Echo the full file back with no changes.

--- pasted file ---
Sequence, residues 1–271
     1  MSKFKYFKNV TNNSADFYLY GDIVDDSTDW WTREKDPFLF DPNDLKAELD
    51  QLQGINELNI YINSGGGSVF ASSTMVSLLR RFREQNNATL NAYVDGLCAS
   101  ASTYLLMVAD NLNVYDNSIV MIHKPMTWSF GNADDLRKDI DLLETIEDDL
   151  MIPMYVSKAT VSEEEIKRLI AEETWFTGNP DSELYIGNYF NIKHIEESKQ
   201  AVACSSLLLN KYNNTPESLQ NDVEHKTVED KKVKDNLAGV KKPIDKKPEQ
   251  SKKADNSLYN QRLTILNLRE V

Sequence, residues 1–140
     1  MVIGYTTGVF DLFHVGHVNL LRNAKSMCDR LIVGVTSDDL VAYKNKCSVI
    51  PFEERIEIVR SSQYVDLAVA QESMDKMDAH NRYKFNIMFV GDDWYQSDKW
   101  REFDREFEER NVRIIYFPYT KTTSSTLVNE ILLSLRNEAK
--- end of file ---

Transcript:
Sequence, residues 1–271
     1  MSKFKYFKNV TNNSADFYLY GDIVDDSTDW WTREKDPFLF DPNDLKAELD
    51  QLQGINELNI YINSGGGSVF ASSTMVSLLR RFREQNNATL NAYVDGLCAS
   101  ASTYLLMVAD NLNVYDNSIV MIHKPMTWSF GNADDLRKDI DLLETIEDDL
   151  MIPMYVSKAT VSEEEIKRLI AEETWFTGNP DSELYIGNYF NIKHIEESKQ
   201  AVACSSLLLN KYNNTPESLQ NDVEHKTVED KKVKDNLAGV KKPIDKKPEQ
   251  SKKADNSLYN QRLTILNLRE V

Sequence, residues 1–140
     1  MVIGYTTGVF DLFHVGHVNL LRNAKSMCDR LIVGVTSDDL VAYKNKCSVI
    51  PFEERIEIVR SSQYVDLAVA QESMDKMDAH NRYKFNIMFV GDDWYQSDKW
   101  REFDREFEER NVRIIYFPYT KTTSSTLVNE ILLSLRNEAK